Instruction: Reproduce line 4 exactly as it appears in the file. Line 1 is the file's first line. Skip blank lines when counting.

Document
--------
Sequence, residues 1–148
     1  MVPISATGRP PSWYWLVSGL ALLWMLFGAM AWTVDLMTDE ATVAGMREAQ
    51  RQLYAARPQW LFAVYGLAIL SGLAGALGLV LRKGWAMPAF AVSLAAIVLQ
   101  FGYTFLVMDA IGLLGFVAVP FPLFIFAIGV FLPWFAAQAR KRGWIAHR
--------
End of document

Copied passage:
   101  FGYTFLVMDA IGLLGFVAVP FPLFIFAIGV FLPWFAAQAR KRGWIAHR